As advertisers become more concerned about where their messages appear online, a major trade group representing ad agencies is putting together a bureau that will create standards to protect brands. The 4A’s says the problem needs an industry-wide response.
“Brand safety” may seem an odd buzzword, but in the age of digital advertising across the sprawling internet, a brand’s reputation can get hit hard if an ad appears in the wrong place. With that in mind, The American Association of Advertising Agencies (The 4A’s) is announcing a new initiative to keep ads out of “unsafe environments.”
The Advertiser Protection Bureau (APB), announced to the group’s members last month and to the public at The 4A’s Accelerate conference this week, will bring together executives from a number of holding companies that represent ad agencies. The program will create a process for flagging instances of ads appearing in an environment that the advertiser might find undesirable, notifying ad agencies, and investigating what happened.
Louis Jones, The 4A’s executive vice president of media and data, says the goal of the bureau is to enlist the industry to address brand safety collectively.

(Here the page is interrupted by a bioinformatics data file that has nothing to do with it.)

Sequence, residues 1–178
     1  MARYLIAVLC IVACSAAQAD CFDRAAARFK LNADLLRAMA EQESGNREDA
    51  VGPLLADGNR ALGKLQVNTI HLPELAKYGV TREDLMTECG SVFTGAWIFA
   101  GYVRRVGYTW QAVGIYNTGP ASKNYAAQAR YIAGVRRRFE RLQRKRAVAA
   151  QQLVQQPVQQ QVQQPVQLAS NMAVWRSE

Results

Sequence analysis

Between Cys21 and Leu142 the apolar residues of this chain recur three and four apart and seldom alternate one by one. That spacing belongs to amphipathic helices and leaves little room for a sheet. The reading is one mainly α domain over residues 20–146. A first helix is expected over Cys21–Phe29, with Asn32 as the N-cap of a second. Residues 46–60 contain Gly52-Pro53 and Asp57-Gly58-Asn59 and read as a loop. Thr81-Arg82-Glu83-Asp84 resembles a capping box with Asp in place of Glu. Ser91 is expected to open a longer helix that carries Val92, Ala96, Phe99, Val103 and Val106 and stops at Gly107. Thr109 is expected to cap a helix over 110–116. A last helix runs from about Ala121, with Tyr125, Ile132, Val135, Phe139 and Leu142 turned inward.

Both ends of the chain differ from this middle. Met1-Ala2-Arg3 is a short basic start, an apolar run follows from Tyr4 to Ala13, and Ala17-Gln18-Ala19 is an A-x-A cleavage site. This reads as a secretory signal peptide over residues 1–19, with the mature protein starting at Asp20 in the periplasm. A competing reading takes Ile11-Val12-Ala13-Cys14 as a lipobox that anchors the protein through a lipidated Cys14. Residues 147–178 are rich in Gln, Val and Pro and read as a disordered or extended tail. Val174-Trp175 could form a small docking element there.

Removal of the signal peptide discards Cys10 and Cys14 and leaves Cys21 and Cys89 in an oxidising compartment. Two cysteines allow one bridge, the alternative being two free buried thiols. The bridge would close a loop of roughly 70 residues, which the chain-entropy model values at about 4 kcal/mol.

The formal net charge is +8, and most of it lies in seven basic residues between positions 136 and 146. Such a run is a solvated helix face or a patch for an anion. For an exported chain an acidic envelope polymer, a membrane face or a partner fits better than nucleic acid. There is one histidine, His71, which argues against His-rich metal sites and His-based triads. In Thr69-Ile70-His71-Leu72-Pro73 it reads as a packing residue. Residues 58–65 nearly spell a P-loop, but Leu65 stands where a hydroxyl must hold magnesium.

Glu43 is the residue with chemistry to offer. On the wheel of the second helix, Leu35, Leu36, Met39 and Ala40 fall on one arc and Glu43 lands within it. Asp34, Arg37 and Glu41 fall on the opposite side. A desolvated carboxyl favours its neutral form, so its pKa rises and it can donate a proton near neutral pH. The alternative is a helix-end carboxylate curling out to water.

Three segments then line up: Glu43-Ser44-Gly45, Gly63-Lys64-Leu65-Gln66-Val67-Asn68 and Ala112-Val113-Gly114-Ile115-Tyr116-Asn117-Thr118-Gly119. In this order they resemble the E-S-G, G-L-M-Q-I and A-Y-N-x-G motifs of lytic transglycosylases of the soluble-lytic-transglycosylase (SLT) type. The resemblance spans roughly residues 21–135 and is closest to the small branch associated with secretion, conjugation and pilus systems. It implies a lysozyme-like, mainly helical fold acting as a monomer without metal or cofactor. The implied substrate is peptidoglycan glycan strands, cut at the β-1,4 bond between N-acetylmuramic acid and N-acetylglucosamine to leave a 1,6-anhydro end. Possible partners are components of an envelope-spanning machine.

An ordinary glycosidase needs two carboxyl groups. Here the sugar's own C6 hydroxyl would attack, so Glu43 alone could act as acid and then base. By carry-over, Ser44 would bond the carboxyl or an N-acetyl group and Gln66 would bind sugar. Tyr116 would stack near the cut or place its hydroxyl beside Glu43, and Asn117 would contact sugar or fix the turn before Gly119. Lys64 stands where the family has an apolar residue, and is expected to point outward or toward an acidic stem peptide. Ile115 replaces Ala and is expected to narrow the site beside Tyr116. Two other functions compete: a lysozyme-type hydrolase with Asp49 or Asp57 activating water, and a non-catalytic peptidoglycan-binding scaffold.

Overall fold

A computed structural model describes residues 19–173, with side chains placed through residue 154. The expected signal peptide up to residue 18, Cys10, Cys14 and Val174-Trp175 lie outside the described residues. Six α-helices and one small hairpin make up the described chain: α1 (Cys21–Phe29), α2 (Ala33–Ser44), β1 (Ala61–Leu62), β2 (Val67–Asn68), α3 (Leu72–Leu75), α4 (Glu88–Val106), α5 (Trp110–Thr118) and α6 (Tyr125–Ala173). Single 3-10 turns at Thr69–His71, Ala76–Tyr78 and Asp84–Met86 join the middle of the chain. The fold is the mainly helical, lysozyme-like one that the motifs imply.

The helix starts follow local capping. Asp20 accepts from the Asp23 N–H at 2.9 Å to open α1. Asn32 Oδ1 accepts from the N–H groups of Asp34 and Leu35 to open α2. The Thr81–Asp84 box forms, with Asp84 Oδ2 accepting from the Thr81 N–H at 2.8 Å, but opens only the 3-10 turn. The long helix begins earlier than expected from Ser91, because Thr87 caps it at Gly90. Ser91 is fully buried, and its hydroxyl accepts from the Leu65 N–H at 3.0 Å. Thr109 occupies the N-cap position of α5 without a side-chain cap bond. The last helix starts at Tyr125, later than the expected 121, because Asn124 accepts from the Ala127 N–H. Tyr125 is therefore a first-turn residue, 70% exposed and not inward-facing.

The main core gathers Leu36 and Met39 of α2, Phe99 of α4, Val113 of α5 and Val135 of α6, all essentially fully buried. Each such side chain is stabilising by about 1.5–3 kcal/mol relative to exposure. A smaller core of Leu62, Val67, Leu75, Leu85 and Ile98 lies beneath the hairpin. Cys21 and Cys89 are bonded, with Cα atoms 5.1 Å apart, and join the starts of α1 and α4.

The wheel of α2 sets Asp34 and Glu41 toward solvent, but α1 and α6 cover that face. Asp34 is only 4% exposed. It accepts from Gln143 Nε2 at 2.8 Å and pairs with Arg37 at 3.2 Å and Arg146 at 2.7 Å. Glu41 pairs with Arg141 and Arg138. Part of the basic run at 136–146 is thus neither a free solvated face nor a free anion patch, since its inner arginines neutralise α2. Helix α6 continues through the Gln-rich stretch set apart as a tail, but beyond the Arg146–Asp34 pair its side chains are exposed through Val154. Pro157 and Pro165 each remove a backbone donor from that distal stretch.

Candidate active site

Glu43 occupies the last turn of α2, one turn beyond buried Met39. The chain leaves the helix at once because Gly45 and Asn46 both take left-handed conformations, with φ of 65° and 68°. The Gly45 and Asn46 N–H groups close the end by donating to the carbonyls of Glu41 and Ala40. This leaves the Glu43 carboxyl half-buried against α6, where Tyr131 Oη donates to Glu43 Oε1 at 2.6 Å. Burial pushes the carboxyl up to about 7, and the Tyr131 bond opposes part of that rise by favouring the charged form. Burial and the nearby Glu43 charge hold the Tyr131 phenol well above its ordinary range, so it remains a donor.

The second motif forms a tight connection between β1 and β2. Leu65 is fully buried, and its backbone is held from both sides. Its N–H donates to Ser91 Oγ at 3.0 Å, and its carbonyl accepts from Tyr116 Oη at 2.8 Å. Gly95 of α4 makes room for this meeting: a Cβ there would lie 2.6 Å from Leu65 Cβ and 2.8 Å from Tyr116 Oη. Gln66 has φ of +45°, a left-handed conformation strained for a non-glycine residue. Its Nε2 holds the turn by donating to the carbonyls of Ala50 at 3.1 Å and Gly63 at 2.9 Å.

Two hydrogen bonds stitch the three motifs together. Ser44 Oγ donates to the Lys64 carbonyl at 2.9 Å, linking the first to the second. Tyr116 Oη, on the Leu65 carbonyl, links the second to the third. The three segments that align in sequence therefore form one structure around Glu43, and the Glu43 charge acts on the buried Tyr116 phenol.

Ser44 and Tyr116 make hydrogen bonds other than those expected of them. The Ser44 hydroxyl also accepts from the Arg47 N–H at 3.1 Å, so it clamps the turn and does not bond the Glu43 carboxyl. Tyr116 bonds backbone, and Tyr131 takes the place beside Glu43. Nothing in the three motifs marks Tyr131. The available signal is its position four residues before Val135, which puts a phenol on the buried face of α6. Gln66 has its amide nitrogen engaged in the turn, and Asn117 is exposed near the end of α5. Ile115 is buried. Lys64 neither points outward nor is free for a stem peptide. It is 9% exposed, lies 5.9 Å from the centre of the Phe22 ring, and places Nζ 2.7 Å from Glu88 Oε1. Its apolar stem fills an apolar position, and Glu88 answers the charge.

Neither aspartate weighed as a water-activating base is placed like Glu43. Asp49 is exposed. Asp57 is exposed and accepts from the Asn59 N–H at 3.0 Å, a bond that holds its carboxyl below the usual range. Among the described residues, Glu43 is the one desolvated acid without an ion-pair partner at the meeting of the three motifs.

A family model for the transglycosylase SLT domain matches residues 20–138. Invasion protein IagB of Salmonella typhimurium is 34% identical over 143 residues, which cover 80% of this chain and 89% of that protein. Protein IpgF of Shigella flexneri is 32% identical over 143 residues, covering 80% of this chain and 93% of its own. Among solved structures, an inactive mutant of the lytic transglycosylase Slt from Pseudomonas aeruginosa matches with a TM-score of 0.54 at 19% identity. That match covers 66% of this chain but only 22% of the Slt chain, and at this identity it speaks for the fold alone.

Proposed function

“When it comes to brand and consumer safety, media agencies have to put competition aside,” Jones said in a news release. “Brand safety and the negative impact it has on consumer trust is an issue that affects everyone. APB is our first step in breaking down the silos to create a united community that protects the health of all brands, while keeping consumers safe, too.”
The program will aim to achieve “advertising assurance,” which is “how the association defines its efforts to enforce environments where brands and consumers can coexist with trust,” The 4A’s said in the release. Jones added that brands and publishers are also important players in ensuring brand safety.
In recent years, brand protection issues have become increasingly important, particularly on social media platforms. YouTube has made significant changes to its advertising program in response to controversies related to popular-but-edgy users like Logan Paul and PewDiePie. Publishers haven’t been immune, either, with ad boycotts targeting politically charged sites such as Breitbart.
As the program gets going, the bureau will build a risk-management module to help categorize brand risk. It will also team with the Media Rating Council on a code of decency and create an industry playbook to educate both brands and consumers.